According to the relativity theory, there is no difference between two observers moving with respect to each other, they both experience identical laws of physics. However, does the same go for rotation?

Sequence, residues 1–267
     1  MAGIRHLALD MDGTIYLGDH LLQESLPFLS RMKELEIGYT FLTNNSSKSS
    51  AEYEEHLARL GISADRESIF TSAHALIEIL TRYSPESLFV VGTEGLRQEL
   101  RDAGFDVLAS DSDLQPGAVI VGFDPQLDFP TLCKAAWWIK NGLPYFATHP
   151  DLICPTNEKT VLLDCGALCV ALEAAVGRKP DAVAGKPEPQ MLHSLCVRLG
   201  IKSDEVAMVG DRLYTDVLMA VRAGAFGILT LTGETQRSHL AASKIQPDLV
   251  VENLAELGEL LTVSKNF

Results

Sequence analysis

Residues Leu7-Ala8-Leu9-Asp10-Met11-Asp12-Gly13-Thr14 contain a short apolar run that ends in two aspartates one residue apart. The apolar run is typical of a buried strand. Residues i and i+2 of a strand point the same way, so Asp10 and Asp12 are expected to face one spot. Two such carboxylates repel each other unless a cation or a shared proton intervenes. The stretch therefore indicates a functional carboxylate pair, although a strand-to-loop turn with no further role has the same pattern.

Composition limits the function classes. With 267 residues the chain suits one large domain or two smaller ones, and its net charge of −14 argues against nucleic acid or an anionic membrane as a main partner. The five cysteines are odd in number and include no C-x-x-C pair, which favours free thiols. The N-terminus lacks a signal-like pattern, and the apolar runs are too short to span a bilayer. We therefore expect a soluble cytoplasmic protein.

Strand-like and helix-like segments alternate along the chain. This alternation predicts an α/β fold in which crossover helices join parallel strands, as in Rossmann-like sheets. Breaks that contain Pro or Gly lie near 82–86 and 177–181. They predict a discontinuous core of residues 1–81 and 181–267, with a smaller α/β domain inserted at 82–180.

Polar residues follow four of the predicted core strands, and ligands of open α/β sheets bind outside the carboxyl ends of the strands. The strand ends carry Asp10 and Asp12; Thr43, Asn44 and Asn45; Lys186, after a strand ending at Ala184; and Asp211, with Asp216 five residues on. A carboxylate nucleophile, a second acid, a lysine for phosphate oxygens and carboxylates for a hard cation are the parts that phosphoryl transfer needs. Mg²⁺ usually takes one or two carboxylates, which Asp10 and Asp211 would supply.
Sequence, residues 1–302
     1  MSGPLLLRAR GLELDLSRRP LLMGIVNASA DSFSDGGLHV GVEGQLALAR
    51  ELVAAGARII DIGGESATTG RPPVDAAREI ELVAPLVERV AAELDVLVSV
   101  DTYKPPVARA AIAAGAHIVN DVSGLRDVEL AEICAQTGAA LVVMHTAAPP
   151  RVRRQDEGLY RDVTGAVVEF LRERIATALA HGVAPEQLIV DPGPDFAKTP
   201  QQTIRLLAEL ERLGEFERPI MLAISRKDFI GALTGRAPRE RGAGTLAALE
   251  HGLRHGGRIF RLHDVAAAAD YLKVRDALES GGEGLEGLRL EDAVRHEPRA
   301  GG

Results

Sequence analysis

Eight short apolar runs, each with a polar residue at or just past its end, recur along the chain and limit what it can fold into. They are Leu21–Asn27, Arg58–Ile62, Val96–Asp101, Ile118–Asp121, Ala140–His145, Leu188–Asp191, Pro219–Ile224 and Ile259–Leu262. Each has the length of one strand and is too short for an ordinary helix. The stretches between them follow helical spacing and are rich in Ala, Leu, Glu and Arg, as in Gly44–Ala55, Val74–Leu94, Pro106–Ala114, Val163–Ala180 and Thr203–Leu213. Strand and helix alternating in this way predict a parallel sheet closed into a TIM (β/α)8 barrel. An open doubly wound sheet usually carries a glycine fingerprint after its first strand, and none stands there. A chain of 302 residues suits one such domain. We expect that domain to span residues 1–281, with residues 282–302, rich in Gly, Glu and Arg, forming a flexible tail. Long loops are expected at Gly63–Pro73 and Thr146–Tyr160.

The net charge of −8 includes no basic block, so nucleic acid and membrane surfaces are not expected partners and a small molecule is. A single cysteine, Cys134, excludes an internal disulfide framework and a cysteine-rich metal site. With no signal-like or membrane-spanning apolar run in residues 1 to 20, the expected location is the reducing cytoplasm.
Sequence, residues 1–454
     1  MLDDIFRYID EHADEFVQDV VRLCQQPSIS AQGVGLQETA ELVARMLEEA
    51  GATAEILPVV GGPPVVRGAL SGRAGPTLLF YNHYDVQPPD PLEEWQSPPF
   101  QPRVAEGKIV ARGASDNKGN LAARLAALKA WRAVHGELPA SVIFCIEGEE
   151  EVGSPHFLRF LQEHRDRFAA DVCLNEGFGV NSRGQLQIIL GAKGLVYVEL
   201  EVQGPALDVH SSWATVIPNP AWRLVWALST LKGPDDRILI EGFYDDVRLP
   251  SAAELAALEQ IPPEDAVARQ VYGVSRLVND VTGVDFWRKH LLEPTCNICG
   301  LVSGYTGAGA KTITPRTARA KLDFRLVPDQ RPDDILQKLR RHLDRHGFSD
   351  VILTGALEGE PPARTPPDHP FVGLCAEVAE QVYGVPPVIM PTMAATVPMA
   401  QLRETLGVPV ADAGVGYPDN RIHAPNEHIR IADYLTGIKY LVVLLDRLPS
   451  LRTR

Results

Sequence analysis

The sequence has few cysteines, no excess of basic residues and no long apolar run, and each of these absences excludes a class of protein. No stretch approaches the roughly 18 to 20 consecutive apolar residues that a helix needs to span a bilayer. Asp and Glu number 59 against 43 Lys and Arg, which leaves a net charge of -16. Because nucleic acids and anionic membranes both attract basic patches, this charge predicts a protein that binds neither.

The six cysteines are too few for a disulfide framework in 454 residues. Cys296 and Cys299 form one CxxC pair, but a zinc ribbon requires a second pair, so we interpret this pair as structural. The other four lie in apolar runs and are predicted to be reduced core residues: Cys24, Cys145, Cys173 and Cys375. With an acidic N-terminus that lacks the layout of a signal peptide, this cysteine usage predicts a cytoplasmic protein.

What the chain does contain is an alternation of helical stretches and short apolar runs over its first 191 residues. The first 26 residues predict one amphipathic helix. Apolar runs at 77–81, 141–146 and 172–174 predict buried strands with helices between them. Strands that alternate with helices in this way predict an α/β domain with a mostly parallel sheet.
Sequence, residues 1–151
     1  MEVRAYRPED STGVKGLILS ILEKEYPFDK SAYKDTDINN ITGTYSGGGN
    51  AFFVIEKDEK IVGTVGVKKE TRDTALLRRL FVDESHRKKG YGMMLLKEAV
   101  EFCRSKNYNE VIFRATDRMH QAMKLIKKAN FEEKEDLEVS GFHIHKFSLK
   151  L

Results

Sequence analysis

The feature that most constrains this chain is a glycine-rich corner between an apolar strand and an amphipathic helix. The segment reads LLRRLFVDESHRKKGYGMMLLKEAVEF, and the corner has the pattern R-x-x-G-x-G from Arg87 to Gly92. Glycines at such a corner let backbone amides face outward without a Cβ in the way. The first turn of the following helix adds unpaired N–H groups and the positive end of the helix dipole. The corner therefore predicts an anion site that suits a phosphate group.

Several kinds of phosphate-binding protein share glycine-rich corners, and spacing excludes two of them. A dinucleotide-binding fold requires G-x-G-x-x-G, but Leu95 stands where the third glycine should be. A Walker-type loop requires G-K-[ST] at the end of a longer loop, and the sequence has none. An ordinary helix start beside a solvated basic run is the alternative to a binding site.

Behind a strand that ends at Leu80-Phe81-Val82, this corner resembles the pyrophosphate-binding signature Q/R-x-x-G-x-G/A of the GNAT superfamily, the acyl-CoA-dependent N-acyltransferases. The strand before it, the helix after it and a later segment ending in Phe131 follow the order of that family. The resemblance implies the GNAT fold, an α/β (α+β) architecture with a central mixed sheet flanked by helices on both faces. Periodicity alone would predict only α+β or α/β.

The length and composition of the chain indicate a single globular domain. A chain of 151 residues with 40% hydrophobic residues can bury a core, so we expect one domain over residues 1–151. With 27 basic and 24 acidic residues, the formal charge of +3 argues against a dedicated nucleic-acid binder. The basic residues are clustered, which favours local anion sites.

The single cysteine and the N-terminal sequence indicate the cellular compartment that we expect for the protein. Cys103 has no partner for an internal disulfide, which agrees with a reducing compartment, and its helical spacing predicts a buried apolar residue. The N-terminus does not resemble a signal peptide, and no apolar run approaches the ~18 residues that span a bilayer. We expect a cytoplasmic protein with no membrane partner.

An object gains rotational energy when torque is applied to it, and it also exerts forces on other objects depending on its rotational velocity. This has been used in many sci-fi movies, where the space-ship has a rotating part (as in the Martian for example), and the astronauts are able to stand casually in there, due to the force that the rotating part exerts on them. Obviously, that would not work if that part of the ship wasn't rotating. However, how do we know whether it is in fact rotating or not? If we are able to tell whether it is, isn't there an universal rotational stationary frame of reference, to which we have to compare everything that rotates?